Braun & Associates
501 Union Street, Suite 500 - Nashville, TN 37219
(615) 259-1550 - Toll free: (888) 665-4902
The Litigation Process

The litigation process begins when a claimant (also known as a plaintiff) files with the Court a statement of facts showing that he is entitled to damages from the person who injured him. The claimant is called the plaintiff and the person who is sued is called the defendant. A statement of facts or allegations is called the complaint.

A defendant is required to file an answer to the complaint admitting or denying the facts alleged by the plaintiff.

Both the plaintiff and the defendant then customarily request from each other any documents related to the claims, damages or defenses. A defendant may also file claims against the original plaintiff. These claims are called counter-claims. The plaintiff and defendant may also serve written questions that the other is required to answer under oath. Each party is allowed a limited number of these questions. Attorneys refer to them as interrogatories.

The usual next step in the litigation process involves the taking of depositions of the parties and potential witnesses. In a deposition questions are asked by the attorney of the witness and a court reporter is present who administers the oath to the witness and takes down verbatim the questions and answers. An additional form of discovery is requests to admit. Either plaintiff or defendant can seek to require the other party to admit or deny specific facts within a thirty day period by setting forth the proposed facts in writing. The other party has a short time (normally 30 days) to respond either that the fact is admitted or the fact is denied. If the court later finds that a party wrongfully denied a fact which was proven at trial a court can order the offending party to pay the reasonable attorneys fees incurred in proving that fact by the person who proved that fact.

By the time this process is complete, all parties and their attorneys should have a very good idea of what the facts are and what each party claims happened and the evidence that each party can muster in support of his/her or its position. Similarly each party should know what defenses are available and the facts that support each along with virtually all the facts about any damages suffered by either party.

At this point either the plaintiff or the defendant or both may file a motion for summary judgment. This motion essentially is a claim by the party filing it that even assuming the facts are as the opposing party claims, the facts are not sufficient to prove one or more of the legal elements which the party is required to prove, or that even if the party can prove the legal elements, the party has not suffered damages which can be recovered for that claim.

If a claim survives summary judgment it will be scheduled for a trial. Approximately 98% of all cases are settled and 2% go to trial. The percentage of cases which go to trial has been decreasing over the last fifteen years. Cases may be settled at any stage of the proceeding including settlements reached prior to the filing of a complaint with the court. There are advantages and disadvantages to settlements. In a settlement the plaintiff rarely gets all he is asking for. On the other hand there is certainty, finality and a bird in the hand. The litigation process is one that can last from one year (at a minimum) up to four years or more because after trial any party who loses is entitled to an appeal to an appellate court.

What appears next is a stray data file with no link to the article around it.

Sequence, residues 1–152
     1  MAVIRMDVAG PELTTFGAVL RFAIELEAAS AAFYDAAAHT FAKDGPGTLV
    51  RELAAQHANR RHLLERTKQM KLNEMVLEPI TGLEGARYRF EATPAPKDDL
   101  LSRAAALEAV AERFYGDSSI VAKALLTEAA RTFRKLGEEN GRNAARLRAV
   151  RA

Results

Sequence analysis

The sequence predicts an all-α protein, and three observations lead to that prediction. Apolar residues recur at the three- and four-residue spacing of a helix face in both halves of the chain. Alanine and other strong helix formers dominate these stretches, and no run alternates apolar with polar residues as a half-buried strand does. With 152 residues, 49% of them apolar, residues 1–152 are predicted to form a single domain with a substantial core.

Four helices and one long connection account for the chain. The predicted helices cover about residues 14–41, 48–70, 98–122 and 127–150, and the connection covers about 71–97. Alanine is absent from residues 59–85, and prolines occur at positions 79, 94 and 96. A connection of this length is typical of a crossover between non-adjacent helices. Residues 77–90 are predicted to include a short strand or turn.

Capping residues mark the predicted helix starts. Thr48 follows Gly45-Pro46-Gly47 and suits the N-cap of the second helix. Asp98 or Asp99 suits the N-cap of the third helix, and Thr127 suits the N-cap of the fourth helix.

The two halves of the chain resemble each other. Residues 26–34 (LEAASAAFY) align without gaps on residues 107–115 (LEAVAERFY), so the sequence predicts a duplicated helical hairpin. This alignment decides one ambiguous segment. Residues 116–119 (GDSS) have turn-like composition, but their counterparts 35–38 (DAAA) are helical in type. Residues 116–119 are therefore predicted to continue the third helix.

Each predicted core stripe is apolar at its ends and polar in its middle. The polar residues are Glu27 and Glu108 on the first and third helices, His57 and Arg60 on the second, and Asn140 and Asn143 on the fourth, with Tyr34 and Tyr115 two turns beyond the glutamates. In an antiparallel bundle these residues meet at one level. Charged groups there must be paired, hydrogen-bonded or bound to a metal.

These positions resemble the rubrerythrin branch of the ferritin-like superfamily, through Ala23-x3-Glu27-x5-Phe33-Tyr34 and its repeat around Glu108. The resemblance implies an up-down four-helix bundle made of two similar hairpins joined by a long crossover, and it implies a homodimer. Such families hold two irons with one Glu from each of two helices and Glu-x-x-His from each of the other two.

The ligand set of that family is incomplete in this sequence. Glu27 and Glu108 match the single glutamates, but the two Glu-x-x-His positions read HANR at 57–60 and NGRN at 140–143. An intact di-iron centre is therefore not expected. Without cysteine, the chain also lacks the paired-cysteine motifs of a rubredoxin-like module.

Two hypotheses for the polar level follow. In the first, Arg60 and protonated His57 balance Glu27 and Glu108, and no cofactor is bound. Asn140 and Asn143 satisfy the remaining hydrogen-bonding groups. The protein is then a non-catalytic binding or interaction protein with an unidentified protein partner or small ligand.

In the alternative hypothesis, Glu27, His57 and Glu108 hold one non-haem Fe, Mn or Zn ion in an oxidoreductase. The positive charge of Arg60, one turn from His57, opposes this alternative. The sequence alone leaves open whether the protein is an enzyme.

One of the factors which becomes relevant in settlement discussions is whether a successful plaintiff may recover his or her attorneys fees from the defendant. The normal rule is that he may not. However, in some types of cases such as employment discrimination cases, antitrust and civil RICO cases a successful plaintiff may recover reasonable attorneys fees from a defendant. The most important factor in assessing whether to settle are the risks inherent in litigation itself: there is no way of knowing how a jury will assess the facts and/or damages in any particular case. Braun & Associates, LLC has had the experience of presenting the same set of facts to two focus groups acting as jurors and watching each focus group deliberate separately to a verdict with vastly different results.

Because 98% of all civil cases settle, a client will be relying heavily on his attorney for advice and counsel about whether to settle and, if so, for how much. The experience of the attorney and his or her knowledge of jury verdicts and settlements in that particular field of law in the locality where trial will occur and the clients confidence in the attorney often determine whether or not the case is tried, settled, and whether the settlement is as good as can be achieved for the client.



DISCLAIMER: Braun & Associates, PLLC has prepared this site to enable potential clients to learn more about our firm and the services we provide. These materials do not and are not intended to constitute legal advice. The information we make available on this site does not create an attorney-client relationship. Such an attorney-client relationship is created only upon the signing
of a written agreement between the firm and the client.

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